3. Access to the Flat Rate VAT Scheme

      The flat rate VAT scheme is an incentive provided by the Government to small businesses to help simplify taxes. You charge VAT on your invoices at the prevailing rate 20% but pay it back to HM Revenue and Customs at a lower rate, and your business gets to keep the difference! VAT rates differ depending on your profession/trade and a 1% discount is applied for the first year of trading.

      VAT Flat Rate Scheme Changes – 1st April 2017

      From 1st April 2017, the government introduced a new definition of a 'limited cost trader" (see definition below) to the flat-rate vat scheme. The result is that affected contractors must use a new percentage of 16.5% The introduction of this new rate means the flat rate scheme is no longer suitable for the vast majority of Contractors who will now generally be better suited to the standard rate VAT scheme, where they can at least offset some of the VAT paid on purchases against what they have to pay HMRC.

      The definition of the newly introduced category of a “limited cost trader” is one whose VAT “inclusive” expenditure on “goods” is either; less than 2% of their VAT inclusive turnover, or less than £1,000 in total, per year.

      If you are unsure which VAT scheme will be most suitable for you, please contact our team on 02476 426360 who will be happy to advise you.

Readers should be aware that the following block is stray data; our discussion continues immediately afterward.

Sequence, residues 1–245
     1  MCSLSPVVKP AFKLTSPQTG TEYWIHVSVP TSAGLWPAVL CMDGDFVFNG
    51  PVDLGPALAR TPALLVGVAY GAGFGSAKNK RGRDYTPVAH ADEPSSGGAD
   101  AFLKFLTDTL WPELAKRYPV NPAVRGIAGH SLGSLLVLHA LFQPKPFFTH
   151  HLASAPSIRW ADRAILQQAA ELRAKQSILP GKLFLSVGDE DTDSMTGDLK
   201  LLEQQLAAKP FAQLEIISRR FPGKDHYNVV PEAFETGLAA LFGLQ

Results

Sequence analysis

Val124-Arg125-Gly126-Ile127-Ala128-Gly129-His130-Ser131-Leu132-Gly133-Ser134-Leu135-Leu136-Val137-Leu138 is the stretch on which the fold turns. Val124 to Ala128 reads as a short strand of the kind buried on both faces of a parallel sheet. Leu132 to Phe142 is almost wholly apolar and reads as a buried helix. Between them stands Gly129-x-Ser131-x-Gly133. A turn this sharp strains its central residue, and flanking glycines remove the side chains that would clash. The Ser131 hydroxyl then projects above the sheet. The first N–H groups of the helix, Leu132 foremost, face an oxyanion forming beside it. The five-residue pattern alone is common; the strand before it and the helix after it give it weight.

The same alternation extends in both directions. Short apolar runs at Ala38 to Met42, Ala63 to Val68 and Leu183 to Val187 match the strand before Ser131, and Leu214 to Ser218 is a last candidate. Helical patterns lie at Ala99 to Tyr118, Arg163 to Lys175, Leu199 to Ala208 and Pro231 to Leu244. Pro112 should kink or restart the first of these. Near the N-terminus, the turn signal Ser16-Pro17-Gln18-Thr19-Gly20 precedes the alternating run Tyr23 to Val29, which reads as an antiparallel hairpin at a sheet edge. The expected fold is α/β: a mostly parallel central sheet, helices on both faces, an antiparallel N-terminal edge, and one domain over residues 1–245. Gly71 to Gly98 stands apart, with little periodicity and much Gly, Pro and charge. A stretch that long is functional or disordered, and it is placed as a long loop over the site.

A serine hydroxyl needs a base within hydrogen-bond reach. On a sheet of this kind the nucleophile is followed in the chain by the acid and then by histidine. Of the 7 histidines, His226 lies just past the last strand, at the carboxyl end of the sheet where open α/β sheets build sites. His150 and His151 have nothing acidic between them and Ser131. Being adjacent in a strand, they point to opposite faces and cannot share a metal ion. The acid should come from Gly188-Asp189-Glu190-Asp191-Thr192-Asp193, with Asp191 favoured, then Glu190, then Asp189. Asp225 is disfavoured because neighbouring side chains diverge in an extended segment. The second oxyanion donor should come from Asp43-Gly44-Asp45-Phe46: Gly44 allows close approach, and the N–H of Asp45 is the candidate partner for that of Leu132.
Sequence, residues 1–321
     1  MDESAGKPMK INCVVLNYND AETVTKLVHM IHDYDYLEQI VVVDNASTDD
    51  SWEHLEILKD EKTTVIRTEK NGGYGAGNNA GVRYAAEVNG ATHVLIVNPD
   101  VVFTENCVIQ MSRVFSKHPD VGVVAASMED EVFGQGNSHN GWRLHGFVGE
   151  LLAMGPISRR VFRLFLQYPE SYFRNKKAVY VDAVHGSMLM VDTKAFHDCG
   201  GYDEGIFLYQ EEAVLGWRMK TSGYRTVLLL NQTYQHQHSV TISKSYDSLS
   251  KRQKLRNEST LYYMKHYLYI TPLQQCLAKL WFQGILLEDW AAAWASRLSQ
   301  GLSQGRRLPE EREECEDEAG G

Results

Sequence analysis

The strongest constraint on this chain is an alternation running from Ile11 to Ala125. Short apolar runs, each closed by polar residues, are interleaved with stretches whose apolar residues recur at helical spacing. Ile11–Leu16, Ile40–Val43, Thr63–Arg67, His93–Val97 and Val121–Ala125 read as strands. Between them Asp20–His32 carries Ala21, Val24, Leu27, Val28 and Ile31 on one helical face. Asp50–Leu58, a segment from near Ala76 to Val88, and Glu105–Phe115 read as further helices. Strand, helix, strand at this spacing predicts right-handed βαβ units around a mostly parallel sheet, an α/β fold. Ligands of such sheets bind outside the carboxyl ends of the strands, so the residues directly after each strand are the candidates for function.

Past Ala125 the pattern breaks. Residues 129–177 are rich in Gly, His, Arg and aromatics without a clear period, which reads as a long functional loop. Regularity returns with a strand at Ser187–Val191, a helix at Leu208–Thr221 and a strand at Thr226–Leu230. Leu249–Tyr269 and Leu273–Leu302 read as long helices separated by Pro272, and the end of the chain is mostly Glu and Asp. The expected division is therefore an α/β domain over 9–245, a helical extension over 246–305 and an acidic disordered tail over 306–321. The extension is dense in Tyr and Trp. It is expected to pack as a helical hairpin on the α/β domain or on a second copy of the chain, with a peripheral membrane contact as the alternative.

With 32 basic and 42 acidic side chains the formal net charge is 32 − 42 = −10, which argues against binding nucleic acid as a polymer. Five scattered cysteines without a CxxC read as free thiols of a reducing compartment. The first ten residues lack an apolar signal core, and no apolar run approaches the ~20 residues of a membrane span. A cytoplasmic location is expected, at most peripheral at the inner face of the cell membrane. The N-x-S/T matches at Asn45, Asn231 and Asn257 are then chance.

Please note that these tax efficiencies are subject to your contract falling outside of IR35 legislation. Most contracts we see do fall outside of IR35, please see the section on IR35 legislation below for more information.

    Which Contractors should not use a Limited Company?

    If you are only intending to be a contractor for a short period of time i.e., just a few months between permanent employers, setting up a limited company for contracting would not be the best option for you because of the costs and administration involved in setting up and closing a company.

    Likewise, if you’re new to contracting and not entirely sure if you're in it for the long term, then a limited company probably isn't a good idea initially. However, if you then decide to stick with contracting, you'd almost certainly be better off switching to a limited company.